Office Workstations Limited

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Office Workstations Limited (OWL) was a British software company based in Edinburgh.

OWL was founded in 1984 by five former employees of ICL (Ian Ritchie, Stuart Harper, Gordon Dougan, Richard Stonehouse and Dave MacLaren) who had previously worked at ICL's Scottish Development Centre at Dalkeith Palace until its closure the previous year.

The following year (1985), OWL International Inc., a United States subsidiary, was formed in Seattle. The American subsidiary, then headed by ex-Microsoft executive Alan M. Boyd achieved considerable attention (particularly from Esther Dyson who understood its potential) but was eventually sidelined when Apple elected to bundle their Hypercard product free with every Macintosh.[citation needed] This caused considerable consternation amongst Apple's developer community who became wary of Apple's motives for requiring developers to submit product designs for approval.[citation needed]

Hypertext Pioneer[edit]

OWL developed and supported Guide, a pioneering hypertext authoring system for the Apple Macintosh and Microsoft Windows, originally conceived at the University of Kent.

Guide was likely the first ever commercially available hypertext browser, when it was introduced on the Macintosh in 1986, nearly a decade before hypertext became the standard method of developing and browsing the Internet.[citation needed]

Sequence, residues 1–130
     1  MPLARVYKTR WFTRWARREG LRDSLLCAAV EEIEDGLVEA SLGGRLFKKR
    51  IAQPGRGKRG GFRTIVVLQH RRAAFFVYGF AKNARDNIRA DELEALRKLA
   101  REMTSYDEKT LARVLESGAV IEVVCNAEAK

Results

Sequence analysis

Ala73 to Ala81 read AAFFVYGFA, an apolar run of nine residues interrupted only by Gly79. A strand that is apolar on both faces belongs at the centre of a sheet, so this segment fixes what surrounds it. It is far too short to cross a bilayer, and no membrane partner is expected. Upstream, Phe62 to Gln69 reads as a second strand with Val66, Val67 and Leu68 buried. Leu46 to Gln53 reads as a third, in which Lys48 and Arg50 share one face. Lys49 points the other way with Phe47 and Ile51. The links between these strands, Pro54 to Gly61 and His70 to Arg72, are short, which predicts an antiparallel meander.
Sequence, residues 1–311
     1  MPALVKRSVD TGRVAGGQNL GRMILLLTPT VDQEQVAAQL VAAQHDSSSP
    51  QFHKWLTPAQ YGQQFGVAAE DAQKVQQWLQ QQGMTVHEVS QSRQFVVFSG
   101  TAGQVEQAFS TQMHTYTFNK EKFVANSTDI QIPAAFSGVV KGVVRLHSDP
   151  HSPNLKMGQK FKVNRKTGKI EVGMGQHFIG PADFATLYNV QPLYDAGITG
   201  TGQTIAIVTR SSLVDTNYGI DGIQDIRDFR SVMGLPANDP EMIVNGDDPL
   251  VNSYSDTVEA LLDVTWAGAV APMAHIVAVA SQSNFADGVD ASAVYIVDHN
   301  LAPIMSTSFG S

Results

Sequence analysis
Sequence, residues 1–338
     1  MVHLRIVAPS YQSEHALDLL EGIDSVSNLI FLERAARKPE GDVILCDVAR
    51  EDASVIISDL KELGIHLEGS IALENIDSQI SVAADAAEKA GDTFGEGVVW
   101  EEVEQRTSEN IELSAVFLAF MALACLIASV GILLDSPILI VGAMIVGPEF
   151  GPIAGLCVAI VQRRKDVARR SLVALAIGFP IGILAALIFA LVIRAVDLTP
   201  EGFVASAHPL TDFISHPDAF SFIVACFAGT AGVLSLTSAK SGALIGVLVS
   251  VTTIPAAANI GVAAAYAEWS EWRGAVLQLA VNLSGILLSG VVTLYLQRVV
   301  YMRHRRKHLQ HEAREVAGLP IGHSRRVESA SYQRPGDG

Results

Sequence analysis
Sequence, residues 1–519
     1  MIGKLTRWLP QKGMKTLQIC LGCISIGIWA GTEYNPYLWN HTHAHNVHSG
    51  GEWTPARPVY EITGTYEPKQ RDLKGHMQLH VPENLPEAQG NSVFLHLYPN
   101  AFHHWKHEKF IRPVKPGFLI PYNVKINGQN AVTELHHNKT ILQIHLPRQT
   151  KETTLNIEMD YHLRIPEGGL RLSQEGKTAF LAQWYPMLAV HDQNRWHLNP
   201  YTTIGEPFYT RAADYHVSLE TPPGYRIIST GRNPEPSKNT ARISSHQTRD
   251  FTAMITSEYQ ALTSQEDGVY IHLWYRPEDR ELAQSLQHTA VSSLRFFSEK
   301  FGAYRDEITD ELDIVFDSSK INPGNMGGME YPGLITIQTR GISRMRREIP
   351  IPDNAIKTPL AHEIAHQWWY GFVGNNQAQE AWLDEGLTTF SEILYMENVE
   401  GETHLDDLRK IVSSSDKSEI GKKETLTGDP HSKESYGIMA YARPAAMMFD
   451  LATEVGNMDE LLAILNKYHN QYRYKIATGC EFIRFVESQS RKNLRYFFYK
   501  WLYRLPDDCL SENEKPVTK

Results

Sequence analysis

OWL was bought for over £7m in 1989 by Matsushita Electric Industrial (MEI) of Japan and became Panasonic Office Workstations Ltd.. They subsequently developed software to support next generation consumer electronics., including DVD technology, Digital television, next generation mobile communications, Internet delivery of multimedia and 3D car navigation systems.

Spin Off Companies[edit]

A number of spin-off companies were formed by ex-OWL employees, including InfoAccess (a management buy-out of OWL International Inc.), Electrum Multimedia Ltd.,[1] CAPDM Limited, Data Discoveries Ltd. and Digital Bridges Ltd.


On 30 April 2005 Panasonic OWL was shut down.


  1. ^ "The OWL Story". Electrum. 26 January 2001. Archived from the original on 14 November 2013. Retrieved 2 December 2017.